The miracle of alga

[Global] Many of us recoil when a slimy tendril of seaweed brushes against us in the water. But did you know that these plant-like organisms have many hidden talents and can be used in everything from meals to medicine?

Underwater forests

When you think of marine algae, you probably picture slimy brown, red or green tendrils washed up on beaches or attached to rocks. Some of these seaweeds grow in saltwater ocean “forests,” others are at home in brackish or freshwater. They provide both a home and food to marine animals. But some algae are microscopic. Despite their tiny size they are essential to life on earth.

Tiny yet mighty

Microscopic algae, such as phytoplankton, are at the base of most marine food chains. Without them we might not even be here. Most are single-celled organisms that photosynthesize. They produce around half of the world’s oxygen today.

Blooming good … or terrible?

When the temperature is right and there is an overabundance of nutrients in the water, algae can multiply quickly, resulting in a bloom. These blooms are often harmless but sometimes they can reduce oxygen levels in the water, killing marine life.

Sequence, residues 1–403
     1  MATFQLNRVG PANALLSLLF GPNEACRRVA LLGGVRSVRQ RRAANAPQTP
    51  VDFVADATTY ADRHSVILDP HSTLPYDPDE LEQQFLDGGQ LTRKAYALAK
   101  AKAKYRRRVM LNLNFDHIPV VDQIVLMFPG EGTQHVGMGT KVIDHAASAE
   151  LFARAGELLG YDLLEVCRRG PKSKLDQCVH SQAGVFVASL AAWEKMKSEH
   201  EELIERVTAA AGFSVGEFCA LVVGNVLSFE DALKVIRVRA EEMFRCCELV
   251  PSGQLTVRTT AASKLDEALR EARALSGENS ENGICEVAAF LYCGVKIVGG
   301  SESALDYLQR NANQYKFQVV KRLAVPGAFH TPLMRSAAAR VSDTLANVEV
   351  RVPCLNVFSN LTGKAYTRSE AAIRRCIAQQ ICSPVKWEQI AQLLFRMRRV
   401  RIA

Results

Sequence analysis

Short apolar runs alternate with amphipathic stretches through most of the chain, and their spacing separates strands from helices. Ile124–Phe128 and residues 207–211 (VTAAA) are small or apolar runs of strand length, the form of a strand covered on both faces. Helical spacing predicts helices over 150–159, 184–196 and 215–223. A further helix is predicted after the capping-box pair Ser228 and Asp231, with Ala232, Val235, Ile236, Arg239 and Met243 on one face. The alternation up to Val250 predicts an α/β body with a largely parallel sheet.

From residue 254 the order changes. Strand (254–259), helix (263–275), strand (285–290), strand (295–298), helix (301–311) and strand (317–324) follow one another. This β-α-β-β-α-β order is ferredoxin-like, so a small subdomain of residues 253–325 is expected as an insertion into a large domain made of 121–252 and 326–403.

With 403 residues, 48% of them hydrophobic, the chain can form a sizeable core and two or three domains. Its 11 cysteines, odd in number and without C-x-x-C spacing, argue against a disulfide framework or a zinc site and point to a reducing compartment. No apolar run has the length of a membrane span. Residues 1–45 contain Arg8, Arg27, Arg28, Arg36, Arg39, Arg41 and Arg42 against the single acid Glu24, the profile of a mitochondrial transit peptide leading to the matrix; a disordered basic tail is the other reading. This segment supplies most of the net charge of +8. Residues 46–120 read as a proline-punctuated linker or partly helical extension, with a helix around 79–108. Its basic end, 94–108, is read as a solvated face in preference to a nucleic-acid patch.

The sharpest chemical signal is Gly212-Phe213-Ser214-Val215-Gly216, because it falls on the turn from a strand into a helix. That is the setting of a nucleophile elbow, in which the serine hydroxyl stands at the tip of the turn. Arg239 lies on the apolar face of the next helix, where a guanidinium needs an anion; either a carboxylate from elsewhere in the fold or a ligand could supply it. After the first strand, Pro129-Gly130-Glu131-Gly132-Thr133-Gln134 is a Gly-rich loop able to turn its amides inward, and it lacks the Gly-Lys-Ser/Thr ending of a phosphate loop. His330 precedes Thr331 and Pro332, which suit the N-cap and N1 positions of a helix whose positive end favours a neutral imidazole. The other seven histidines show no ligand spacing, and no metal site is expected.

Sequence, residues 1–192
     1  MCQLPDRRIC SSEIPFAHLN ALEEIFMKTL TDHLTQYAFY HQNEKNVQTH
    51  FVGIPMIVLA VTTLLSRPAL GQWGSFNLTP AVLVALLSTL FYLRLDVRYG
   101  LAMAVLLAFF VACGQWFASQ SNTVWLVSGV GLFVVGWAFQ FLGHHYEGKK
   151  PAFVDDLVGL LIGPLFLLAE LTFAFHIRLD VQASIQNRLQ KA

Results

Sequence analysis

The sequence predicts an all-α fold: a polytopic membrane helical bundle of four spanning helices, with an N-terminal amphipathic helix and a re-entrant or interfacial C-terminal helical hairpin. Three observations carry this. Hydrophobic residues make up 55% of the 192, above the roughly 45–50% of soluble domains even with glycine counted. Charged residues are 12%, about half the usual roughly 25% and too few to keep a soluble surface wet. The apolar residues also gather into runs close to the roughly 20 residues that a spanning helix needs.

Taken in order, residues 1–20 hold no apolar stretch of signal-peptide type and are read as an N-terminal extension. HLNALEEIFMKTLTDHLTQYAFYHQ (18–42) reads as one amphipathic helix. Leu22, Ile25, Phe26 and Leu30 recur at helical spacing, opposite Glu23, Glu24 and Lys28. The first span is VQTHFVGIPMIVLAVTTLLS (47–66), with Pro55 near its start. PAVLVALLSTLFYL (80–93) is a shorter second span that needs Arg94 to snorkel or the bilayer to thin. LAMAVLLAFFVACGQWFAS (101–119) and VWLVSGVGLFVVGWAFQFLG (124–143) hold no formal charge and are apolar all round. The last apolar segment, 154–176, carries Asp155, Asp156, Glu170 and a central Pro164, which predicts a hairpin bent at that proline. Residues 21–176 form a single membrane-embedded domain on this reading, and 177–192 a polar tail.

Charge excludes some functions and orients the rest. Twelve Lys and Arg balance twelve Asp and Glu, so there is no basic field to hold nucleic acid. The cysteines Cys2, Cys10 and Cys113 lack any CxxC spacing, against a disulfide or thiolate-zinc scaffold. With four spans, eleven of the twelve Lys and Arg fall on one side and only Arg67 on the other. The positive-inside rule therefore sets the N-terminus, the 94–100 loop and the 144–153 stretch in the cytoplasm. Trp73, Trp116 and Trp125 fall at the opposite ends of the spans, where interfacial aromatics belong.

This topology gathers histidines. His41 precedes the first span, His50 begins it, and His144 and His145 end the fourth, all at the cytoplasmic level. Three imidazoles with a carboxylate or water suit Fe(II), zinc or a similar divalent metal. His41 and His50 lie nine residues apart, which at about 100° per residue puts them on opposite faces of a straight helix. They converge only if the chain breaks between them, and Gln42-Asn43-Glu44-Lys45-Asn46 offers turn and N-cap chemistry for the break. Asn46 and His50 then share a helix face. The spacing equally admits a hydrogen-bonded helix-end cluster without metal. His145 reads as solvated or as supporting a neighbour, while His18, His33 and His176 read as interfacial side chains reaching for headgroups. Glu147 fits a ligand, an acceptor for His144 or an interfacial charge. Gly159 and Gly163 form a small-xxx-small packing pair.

Farming seaweed

Coastal peoples have been using seaweed for centuries. It was so important in Ireland, for instance, that 31 words exist for it in the Irish language. That’s because the organisms can be used in many ways. Sustainable seaweed farming is now seeing a renaissance globally. It requires no fresh water, arable land or fertilizers and the seaweed acts as a carbon sink.

Seaweed salads

Perhaps the best known seaweed meal is the sushi roll. For more than a thousand years, Japanese people have been wrapping fish, rice and vegetables in a seaweed called nori. But you can also use this highly nutritious food in salads and other dishes. Some companies even manufacture seaweed spaghetti and noodles.

Seaweed doctor

Many types of seaweed have anti-inflammatory and anti-microbial properties and have been used for treating wounds and burns for thousands of years. Scientists are now investigating the use of seaweed in skin regeneration as well as seaweed-derived compounds in treating certain types of cancer.

Green beauty treatments

Seaweeds are also used as binding agents in food and other products like toothpaste. But perhaps one of their most popular current uses is in organic cosmetics and skincare products — that’s a far cry from the slimy tendril floating in the water.


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